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Title: Phosphate and phytate adsorption and precipitation on ferrihydrite surfaces

Abstract

Phosphorous (P) sorption on mineral surfaces largely controls P mobility and bioavailability, hence its pollution potential, but the sorption speciation and mechanism remain poorly understood. In this study, we have identified and quantified the speciation of both phosphate and phytate sorbed on ferrihydrite with various P loadings at pH 3–8 using differential atomic pair distribution function (d-PDF) analysis, synchrotron-based X-ray diffraction (XRD), and P and Fe K-edge X-ray absorption near edge structure (XANES) and attenuated total reflectance-Fourier transform infrared (ATR-FTIR) spectroscopy. With increasing P sorption loading for both phosphate and phytate, the sorption mechanism transits from bidentate-binuclear surface complexation to unidentified ternary complexation and to precipitation of amorphous FePO 4 and amorphous Fe-phytate. At a given P sorption loading, phosphate precipitates more readily than phytate. Both phosphate and phytate promote ferrihydrite dissolution with phytate more intensively, but the dissolved FeIII concentration in the bulk solution is low because the majority of the released Fe III precipitate with the anions. Results also show that amorphous FePO 4 and amorphous Fe-phytate have similar PO 4 local coordination environment. In conclusion, these new insights into the P surface complexation and precipitation, and the ligand-promoted dissolution behavior improve our understanding of P fate inmore » soils, aquatic environment and water treatment systems as mediated by mineral-water interfacial reactions.« less

Authors:
ORCiD logo [1]; ORCiD logo [2];  [3];  [1]; ORCiD logo [3]; ORCiD logo [4]; ORCiD logo [1]
  1. Univ. of Wyoming, Laramie, WY (United States). Department of Ecosystem Science and Management
  2. University of Saskatchewan, Saskatoon (Canada). Canadian Light Source
  3. Huazhong Agricultural University, Wuhan (China). Key Laboratory of Arable Land Conservation (Middle and Lower Reaches of Yangtze River), Ministry of Agriculture, College of Resources and Environment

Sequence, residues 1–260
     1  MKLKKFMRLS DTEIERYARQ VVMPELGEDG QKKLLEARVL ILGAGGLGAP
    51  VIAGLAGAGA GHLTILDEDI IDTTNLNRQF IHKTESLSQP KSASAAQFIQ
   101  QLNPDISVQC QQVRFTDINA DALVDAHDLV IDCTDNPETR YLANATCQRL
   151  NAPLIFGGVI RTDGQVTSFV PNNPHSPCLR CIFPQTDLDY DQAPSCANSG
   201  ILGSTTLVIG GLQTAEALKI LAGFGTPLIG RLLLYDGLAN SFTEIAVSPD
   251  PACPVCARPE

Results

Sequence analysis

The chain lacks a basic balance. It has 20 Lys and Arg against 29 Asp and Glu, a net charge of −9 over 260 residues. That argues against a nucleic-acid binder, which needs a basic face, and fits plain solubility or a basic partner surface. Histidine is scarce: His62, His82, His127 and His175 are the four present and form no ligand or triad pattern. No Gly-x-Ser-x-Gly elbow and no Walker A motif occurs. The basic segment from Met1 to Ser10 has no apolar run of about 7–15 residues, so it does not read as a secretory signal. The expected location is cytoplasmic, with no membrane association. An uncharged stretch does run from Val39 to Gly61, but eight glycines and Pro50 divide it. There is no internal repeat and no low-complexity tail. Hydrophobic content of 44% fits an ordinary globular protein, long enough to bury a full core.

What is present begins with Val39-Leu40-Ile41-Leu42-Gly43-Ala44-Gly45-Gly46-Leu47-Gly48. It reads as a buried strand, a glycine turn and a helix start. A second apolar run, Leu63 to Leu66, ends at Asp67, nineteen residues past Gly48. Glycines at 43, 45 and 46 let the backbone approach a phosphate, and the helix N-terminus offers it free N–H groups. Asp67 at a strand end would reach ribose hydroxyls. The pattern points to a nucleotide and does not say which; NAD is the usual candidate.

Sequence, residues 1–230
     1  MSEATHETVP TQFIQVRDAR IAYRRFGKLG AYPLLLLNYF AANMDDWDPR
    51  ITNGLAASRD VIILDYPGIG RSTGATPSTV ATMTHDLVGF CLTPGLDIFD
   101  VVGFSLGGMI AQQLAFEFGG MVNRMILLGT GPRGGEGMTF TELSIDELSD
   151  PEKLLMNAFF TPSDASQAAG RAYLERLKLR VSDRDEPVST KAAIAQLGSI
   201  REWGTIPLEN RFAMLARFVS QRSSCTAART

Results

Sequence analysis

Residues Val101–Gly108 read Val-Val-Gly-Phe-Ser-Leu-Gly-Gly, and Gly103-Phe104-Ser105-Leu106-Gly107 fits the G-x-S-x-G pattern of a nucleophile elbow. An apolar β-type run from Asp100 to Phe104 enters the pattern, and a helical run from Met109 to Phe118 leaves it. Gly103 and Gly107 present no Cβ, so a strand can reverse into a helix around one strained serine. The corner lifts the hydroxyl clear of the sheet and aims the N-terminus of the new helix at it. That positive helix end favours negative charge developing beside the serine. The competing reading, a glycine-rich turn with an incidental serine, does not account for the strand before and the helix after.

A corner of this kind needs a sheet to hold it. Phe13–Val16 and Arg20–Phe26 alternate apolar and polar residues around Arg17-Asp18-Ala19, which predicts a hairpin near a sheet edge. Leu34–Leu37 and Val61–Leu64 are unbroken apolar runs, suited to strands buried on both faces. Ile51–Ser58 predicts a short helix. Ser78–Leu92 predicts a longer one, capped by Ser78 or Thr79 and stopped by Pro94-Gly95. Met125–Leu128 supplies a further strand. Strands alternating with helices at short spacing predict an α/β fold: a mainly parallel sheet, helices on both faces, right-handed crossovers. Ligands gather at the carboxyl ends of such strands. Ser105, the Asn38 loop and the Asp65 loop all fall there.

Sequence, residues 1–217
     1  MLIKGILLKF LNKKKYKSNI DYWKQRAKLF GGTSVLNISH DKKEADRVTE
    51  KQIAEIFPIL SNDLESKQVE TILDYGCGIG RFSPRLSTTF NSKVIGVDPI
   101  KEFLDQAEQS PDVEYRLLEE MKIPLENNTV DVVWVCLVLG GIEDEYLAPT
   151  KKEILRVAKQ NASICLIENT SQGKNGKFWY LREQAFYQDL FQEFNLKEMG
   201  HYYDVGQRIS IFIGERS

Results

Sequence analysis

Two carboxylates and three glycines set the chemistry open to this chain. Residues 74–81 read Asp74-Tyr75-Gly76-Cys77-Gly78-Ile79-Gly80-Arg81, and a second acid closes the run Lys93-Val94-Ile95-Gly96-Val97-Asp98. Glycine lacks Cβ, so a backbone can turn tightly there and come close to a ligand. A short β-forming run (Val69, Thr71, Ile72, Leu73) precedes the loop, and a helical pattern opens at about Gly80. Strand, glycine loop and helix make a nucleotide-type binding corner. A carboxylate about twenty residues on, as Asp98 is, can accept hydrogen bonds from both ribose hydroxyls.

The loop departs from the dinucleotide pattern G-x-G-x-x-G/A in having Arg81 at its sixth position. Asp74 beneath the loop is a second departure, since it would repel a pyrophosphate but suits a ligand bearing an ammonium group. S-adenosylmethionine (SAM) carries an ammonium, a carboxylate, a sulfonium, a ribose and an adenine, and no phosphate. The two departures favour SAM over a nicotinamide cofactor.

4. Argonne National Lab. (ANL), Argonne, IL (United States). X-ray Science Division, Advanced Photon Source
Publication Date:
Research Org.:
Argonne National Lab. (ANL), Argonne, IL (United States)
Sponsoring Org.:
USDOE Office of Science (SC), Basic Energy Sciences (BES) (SC-22). Scientific User Facilities Division; Canadian Light Source, Inc.; University of Wyoming; National Science Foundation of China
OSTI Identifier:
1416015
Grant/Contract Number:  
AC02-06CH11357; AC02-76SF00515
Resource Type:
Journal Article: Accepted Manuscript
Journal Name:
Environmental Science: Nano
Additional Journal Information:
Journal Volume: 4; Journal Issue: 11; Journal ID: ISSN 2051-8153
Publisher:
Royal Society of Chemistry
Country of Publication:
United States
Language:
English
Subject:
54 ENVIRONMENTAL SCIENCES

Citation Formats

Wang, Xiaoming, Hu, Yongfeng, Tang, Yadong, Yang, Peng, Feng, Xionghan, Xu, Wenqian, and Zhu, Mengqiang. Phosphate and phytate adsorption and precipitation on ferrihydrite surfaces. United States: N. p., 2017. Web. doi:10.1039/c7en00705a.
Wang, Xiaoming, Hu, Yongfeng, Tang, Yadong, Yang, Peng, Feng, Xionghan, Xu, Wenqian, & Zhu, Mengqiang. Phosphate and phytate adsorption and precipitation on ferrihydrite surfaces. United States. doi:10.1039/c7en00705a.
Wang, Xiaoming, Hu, Yongfeng, Tang, Yadong, Yang, Peng, Feng, Xionghan, Xu, Wenqian, and Zhu, Mengqiang. Tue . "Phosphate and phytate adsorption and precipitation on ferrihydrite surfaces". United States. doi:10.1039/c7en00705a. https://www.osti.gov/servlets/purl/1416015.
@article{osti_1416015,
title = {Phosphate and phytate adsorption and precipitation on ferrihydrite surfaces},
author = {Wang, Xiaoming and Hu, Yongfeng and Tang, Yadong and Yang, Peng and Feng, Xionghan and Xu, Wenqian and Zhu, Mengqiang},
abstractNote = {Phosphorous (P) sorption on mineral surfaces largely controls P mobility and bioavailability, hence its pollution potential, but the sorption speciation and mechanism remain poorly understood. In this study, we have identified and quantified the speciation of both phosphate and phytate sorbed on ferrihydrite with various P loadings at pH 3–8 using differential atomic pair distribution function (d-PDF) analysis, synchrotron-based X-ray diffraction (XRD), and P and Fe K-edge X-ray absorption near edge structure (XANES) and attenuated total reflectance-Fourier transform infrared (ATR-FTIR) spectroscopy. With increasing P sorption loading for both phosphate and phytate, the sorption mechanism transits from bidentate-binuclear surface complexation to unidentified ternary complexation and to precipitation of amorphous FePO4 and amorphous Fe-phytate. At a given P sorption loading, phosphate precipitates more readily than phytate. Both phosphate and phytate promote ferrihydrite dissolution with phytate more intensively, but the dissolved FeIII concentration in the bulk solution is low because the majority of the released FeIII precipitate with the anions. Results also show that amorphous FePO4 and amorphous Fe-phytate have similar PO4 local coordination environment. In conclusion, these new insights into the P surface complexation and precipitation, and the ligand-promoted dissolution behavior improve our understanding of P fate in soils, aquatic environment and water treatment systems as mediated by mineral-water interfacial reactions.},
doi = {10.1039/c7en00705a},
journal = {Environmental Science: Nano},
number = 11,
volume = 4,
place = {United States},
year = {Tue Sep 26 00:00:00 EDT 2017},
month = {Tue Sep 26 00:00:00 EDT 2017}
}

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